What Is the Temperature of the Earth?
The news are all reporting 2014 as the hottest year on record, but no one is asking how such a measurement can be made without bias.
“The heat is on: NOAA, NASA say 2014 warmest year on record,” Seth Borenstein states on PhysOrg. The data videos in the article look pretty conclusive. But for anyone who thinks scientific conclusions should rest on evidence, not on authority (even prestigious specialty organizations like NOAA and NASA), it might bear examining the question of earth’s temperature from a philosophical viewpoint: How does one measure it? We can’t put a thermometer under Mother Earth’s tongue.
Even when we use a thermometer for a human, we are arbitrarily taking a measurement from one part of the body to the exclusion of others, because we consider it “useful” as a proxy for a person’s health. The reading might be different in the rectum, or the ears, or at the abdomen compared to the extremities. If mouth temperature under the tongue is useful, there is a bit of natural fluctuation around the mean; your temperature is rarely exactly 98.6° F. Scientists know that all measurements involve some degree of error. They use different methods of averaging, such as mean, mode, and median, to select a measurement that is useful for their purposes.
The error bars and biases are greatly exacerbated when trying to come up with “a number” that represents a global measurement. For earth’s temperature, consider just a few of the sources of error and bias:
- Every square mile of the earth’s surface has its own temperature at a given time. The poles are colder than the equatorial regions.
- Each point’s temperature is constantly changing. It’s colder at night than during the day.
- The temperature varies with height above the surface. The atmosphere has a temperature profile from ground to stratosphere that, too, is constantly changing.
- The temperature varies with depth beneath the surface; it’s hotter underground, and colder with depth in the oceans.
- The weather is constantly changing; air speed and humidity can influence measurements.
- Surfaces near a thermometer, such as black asphalt or grass, can influence measurements.
- Each environment has its own thermal inertia. Some rocks cool down more slowly than other surfaces. The measurement might include some residual heat from the past instead of the current temperature.
- Humans or machines that read the instruments can make mistakes.
- There are multiple methods of taking temperature: thermoelectric, mercury and other liquids, or bimetallic strips, for instance. Who decides which type of device to use?
- If a change in device type is made at a station, or is rolled out at all stations over time, how do measurements with the new device correlate with measurements from the previous device?
- All recording devices must be calibrated. It becomes difficult to ensure equal calibration for monitoring stations around the world. Some countries could be more careless. Some stations might drop out from damage, neglect, or vandalism.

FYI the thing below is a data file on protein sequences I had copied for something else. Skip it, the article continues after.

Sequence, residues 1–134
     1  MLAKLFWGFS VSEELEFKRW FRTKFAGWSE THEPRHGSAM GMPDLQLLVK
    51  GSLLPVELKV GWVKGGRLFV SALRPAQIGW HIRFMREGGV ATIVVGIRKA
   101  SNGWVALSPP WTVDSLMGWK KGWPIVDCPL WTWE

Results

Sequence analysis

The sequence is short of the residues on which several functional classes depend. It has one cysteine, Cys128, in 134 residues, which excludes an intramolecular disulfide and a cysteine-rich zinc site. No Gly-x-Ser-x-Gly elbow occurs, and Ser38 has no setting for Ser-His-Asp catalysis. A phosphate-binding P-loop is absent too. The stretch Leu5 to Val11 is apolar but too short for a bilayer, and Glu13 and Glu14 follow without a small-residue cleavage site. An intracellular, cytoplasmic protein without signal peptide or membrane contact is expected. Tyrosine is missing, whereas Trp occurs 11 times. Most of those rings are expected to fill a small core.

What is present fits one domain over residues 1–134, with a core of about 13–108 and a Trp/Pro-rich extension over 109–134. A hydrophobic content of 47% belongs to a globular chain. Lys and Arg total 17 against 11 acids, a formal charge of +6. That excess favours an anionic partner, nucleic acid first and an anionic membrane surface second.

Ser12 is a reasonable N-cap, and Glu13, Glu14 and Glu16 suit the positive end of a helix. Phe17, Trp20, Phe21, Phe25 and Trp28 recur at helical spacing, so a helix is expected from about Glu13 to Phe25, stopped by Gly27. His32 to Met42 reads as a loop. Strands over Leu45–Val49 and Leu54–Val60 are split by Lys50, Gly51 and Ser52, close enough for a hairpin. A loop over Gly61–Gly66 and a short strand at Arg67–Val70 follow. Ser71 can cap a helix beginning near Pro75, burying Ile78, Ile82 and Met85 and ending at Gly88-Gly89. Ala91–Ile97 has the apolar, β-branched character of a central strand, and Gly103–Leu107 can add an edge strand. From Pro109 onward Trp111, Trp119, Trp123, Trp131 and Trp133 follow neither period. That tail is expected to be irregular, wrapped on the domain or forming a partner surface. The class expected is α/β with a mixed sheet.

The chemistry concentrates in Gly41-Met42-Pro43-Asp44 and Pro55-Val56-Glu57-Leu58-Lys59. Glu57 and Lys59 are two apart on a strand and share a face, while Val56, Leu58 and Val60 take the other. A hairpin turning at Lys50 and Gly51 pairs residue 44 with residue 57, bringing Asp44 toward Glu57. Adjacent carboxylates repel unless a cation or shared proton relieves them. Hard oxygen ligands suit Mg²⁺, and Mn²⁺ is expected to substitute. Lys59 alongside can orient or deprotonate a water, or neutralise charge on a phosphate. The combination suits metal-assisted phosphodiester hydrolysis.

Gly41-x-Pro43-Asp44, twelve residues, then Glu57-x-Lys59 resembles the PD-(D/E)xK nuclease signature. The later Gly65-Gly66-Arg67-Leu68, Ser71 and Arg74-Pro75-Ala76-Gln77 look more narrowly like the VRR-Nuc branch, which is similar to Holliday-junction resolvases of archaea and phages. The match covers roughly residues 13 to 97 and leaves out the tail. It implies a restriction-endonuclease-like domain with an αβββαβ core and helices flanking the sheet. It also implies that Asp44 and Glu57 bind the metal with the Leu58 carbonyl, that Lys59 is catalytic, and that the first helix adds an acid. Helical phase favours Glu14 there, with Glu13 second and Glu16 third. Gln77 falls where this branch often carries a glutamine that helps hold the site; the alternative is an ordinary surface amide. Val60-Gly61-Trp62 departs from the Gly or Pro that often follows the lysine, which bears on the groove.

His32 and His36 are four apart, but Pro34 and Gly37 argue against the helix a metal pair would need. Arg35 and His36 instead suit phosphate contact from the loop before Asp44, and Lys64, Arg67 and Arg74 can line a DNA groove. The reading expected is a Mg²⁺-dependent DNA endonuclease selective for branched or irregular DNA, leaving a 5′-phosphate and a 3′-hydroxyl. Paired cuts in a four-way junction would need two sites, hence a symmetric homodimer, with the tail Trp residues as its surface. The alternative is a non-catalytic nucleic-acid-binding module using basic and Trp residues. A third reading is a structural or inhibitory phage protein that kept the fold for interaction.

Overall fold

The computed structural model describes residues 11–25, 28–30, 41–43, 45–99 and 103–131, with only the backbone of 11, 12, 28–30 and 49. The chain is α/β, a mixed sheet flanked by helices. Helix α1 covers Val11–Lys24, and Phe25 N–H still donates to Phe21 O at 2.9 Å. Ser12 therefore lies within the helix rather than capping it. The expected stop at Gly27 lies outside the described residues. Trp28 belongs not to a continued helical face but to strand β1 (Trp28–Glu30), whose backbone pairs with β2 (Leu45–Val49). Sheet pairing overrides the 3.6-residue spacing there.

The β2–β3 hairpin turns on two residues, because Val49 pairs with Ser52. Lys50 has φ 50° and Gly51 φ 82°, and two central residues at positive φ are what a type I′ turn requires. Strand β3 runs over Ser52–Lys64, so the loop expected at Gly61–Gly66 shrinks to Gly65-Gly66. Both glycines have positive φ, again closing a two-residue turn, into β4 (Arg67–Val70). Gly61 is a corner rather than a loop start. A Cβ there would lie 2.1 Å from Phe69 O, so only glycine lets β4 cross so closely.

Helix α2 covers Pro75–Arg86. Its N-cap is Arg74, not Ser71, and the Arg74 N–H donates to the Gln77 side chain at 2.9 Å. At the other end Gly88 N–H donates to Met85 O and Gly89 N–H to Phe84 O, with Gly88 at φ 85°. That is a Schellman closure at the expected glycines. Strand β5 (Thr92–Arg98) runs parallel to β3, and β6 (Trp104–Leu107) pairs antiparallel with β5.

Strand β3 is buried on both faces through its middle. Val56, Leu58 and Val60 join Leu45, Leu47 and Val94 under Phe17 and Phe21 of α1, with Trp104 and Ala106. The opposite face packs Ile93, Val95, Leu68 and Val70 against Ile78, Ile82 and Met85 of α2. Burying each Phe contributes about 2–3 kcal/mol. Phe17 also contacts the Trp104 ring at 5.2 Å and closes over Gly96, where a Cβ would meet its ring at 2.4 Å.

- It’s impossible to gather data from every point on the globe, so decisions have to be made about where to put monitoring stations.
- It’s impossible to gather data continuously from a given monitoring station, so decisions have to be made about what times of day to collect data points. Should it be daily highs and lows? Or should it be temperatures at noon and midnight? Who decides?
- Earth’s climate has natural cyclic variations over multiple time scales, some of them poorly known or unknown.
This is not a complete list. So what is the “temperature of the earth”? There is no such thing. There is “a” temperature at “a” place, at “a” time, under certain environmental conditions, at a given humidity and wind speed, as measured by an artificial device that may or may not be calibrated properly and working properly. By itself, a temperature reading signifies nothing about climate, because it’s trying to measure a moving target in a very small location on a huge planet.
It should be obvious that human bias enters every factor. Someone has to decide where to put the monitoring stations, what device to use, and what data points to collect at what times. When the data are in, the numbers must be crunched and the error mitigated according to some model or method. A scientist or a program based on a model may decide to toss out data that appear anomalous according to someone’s criteria, but what if those data points are meaningful? Models and methods are human constructs, devised for their “usefulness” – but even so, models are only simulations of reality, not reality itself. It’s impossible to know all the factors that could influence the results.
Much more troublesome is trying to link temperature trends (if they are meaningful at all) to causes. Seth Borenstein’s article is adamant that humans have caused 2014 to be the hottest year on record. Who could possibly know that? Pictures of smokestacks at power plants can’t prove it; that titillates the emotions by visualization, perhaps, but isolated pictures are not global evidence. Recently, for instance, it was reported that more methane (a potent greenhouse gas) was emitted by earthquakes than previously thought (Science Magazine). Hardly a month goes by without some new factor being reported that could alter the models’ conclusions. Here’s one from a few days ago on PhysOrg: “Mountain system artificially inflates temperature increases at higher elevations,” suggesting that “warming in the mountains of the western U.S. likely is not as large as previously supposed.” Here’s another one announced on PhysOrg 11 days ago: “A new NASA-led study shows that tropical forests may be absorbing far more carbon dioxide than many scientists thought, in response to rising atmospheric levels of the greenhouse gas.” Examples like this could be multiplied.